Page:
Nicole Dodds, Baker, Afternoon Crumbs

Photo: Nicole Dodds

Photo: Nicole Dodds

Whether I’m decorating a never-ending number of biscuits, spending weeks making sugar flowers or layering a lot of cakes, I always need a little musical support. Turning up my favourite playlists (my Spotify ones are all named after sweet treats!) usually does the trick – I love listening to new tracks but a little bit of Ella Fitzgerald never fails to keep me calm and get me through. Sometimes, however, just remembering how great it is to see the expression on the recipient’s face is motivation enough.


Jen Carrington, Content Coach and Creative Mentor

Photo: Sara Tasker

Photo: Sara Tasker

For me, I always feel the most motivated when I remember why I’m doing this and why I’m working so damn hard in my business. Staying focused on the life I’m building and why I believe in the work I do with my clients and how great it is to see them thrive throughout our time together, that keeps me going even when things may get a little overwhelming or tiring along the way. Oh, and if I really need to kick start inspiration, switching off for an afternoon and getting outside and living my life a little always does the trick!


Emma Block, Illustrator

Photo: Emma Block

Photo: Emma Block

I find that variety is what keeps work exciting. As well as working as a freelance illustrator I also teach watercolour and brush lettering and I do live illustration. I also run an Etsy shop. Doing something different every day keeps me inspired and interested.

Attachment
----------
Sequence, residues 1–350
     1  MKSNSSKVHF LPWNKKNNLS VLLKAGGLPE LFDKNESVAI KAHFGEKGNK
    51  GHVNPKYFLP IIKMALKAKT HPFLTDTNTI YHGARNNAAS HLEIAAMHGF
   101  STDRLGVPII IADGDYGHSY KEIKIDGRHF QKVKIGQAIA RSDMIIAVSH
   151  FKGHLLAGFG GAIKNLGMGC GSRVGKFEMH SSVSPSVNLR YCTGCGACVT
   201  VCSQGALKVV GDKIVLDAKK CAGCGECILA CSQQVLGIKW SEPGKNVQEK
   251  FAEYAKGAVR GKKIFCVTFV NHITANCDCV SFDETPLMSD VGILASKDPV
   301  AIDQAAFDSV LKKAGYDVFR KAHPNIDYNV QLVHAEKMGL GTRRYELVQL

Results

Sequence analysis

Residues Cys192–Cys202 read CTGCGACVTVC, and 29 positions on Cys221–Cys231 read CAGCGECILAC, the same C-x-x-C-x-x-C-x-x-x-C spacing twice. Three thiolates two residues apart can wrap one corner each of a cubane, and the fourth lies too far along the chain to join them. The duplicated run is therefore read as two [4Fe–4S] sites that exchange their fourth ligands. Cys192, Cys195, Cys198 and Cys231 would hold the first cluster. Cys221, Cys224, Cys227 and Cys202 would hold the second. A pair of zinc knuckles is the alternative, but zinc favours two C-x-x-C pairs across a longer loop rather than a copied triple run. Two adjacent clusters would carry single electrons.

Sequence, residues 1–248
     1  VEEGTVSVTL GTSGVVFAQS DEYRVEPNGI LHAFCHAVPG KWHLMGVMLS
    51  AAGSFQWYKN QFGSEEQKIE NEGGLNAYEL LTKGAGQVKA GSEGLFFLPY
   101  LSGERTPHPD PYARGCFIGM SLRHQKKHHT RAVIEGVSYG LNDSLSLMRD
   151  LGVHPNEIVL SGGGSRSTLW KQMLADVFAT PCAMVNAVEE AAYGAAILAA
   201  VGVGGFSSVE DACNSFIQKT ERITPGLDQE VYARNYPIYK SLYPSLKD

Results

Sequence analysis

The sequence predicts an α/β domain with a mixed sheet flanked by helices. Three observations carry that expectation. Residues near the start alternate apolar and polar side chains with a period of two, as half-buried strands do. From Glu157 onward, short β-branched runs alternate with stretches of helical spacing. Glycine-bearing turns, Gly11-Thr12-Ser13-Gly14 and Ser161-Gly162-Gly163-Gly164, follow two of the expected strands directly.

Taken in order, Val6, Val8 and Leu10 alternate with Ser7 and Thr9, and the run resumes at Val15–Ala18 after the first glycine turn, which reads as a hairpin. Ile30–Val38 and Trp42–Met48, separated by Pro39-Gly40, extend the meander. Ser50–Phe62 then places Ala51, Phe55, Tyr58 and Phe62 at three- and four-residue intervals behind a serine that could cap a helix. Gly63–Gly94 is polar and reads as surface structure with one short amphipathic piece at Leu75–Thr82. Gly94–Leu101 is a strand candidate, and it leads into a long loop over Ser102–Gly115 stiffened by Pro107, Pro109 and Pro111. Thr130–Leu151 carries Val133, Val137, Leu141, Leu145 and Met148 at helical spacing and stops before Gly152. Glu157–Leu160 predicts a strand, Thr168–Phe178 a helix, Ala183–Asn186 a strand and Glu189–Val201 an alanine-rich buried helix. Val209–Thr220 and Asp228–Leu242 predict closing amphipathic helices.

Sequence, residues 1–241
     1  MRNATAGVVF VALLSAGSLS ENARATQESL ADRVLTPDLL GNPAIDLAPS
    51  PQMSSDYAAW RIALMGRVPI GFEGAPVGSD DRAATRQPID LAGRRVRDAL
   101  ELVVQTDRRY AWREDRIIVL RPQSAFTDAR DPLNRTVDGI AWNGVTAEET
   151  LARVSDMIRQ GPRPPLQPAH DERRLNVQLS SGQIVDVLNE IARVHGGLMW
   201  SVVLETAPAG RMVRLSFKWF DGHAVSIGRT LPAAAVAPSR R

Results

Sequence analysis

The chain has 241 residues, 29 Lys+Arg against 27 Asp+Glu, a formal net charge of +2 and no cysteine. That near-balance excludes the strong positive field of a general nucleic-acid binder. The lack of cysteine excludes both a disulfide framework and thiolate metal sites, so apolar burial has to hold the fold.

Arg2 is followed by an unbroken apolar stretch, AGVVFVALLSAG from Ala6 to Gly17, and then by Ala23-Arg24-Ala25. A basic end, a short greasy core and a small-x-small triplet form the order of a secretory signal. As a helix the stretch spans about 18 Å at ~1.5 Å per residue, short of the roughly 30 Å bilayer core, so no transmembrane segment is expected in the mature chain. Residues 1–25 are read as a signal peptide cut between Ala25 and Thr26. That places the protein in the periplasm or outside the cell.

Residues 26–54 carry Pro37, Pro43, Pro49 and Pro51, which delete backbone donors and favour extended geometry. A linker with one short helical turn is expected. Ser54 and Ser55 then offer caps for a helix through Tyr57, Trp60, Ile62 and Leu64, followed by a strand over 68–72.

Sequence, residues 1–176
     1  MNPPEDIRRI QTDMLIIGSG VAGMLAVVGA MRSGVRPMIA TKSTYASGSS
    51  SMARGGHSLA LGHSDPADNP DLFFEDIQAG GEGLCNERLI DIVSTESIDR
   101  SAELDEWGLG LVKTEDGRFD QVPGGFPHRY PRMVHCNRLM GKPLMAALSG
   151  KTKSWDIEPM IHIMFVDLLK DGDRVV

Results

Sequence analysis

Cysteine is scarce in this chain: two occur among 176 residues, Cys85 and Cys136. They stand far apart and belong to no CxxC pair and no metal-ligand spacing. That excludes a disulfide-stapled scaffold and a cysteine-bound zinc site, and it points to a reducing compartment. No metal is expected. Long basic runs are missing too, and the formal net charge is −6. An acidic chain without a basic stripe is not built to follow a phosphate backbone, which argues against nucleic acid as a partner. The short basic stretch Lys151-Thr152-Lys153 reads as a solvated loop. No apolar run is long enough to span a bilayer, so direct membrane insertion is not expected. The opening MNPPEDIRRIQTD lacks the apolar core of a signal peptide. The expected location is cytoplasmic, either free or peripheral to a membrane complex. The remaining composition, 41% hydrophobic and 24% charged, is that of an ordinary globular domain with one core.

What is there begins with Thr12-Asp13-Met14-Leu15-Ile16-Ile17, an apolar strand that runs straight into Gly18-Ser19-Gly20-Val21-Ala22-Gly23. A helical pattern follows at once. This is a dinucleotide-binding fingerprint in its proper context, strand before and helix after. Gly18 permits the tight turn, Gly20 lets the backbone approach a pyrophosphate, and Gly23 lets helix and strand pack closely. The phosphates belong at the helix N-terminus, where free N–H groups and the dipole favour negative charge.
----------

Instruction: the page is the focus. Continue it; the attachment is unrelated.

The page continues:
Hazel Gibbens, Editor-in-Chief, Bedboat Magazine

Photo: Sara Giannitelli

Photo: Sara Giannitelli

The thing that keeps me inspired and motivated is being around people. Long chats with best friends about our futures, positive conversations with strangers about shared hobbies, and even watching YouTube blogs of creatives who I respect and who inspire me. People keep me going, and give me the reassurance that when I’m lost, drowning in deadlines, or feeling in a rut, that I’m not alone, and that I’m going to make it out the other side. 

Katherine Dorrington, Blogger, Foraged and Collected

Photo: Katherine Dorrington

Photo: Katherine Dorrington

I’ve been thinking a lot about inspiration lately. How it ebbs and flows at different points in our year and what to do when we are feeling creatively stagnant. We’re just coming out of winter in Australia and the winter weather and reduced light has really affected my creativity. It’s hard to stay inspired when you are working and it’s dark by the time you get home. All I feel like is crawling into my pyjamas and watching Netflix. There have been points in the last few months where I’ve really challenged myself to overcome that feeling. The quickest way for me to find inspiration is to turn to the natural world; to get outside and photograph flowers, leaves, raindrops on bare branches, grasses in the wind. The act of picking up the camera and just shooting something works as an instant boost for me and reminds me how much I love to find beauty in simple things.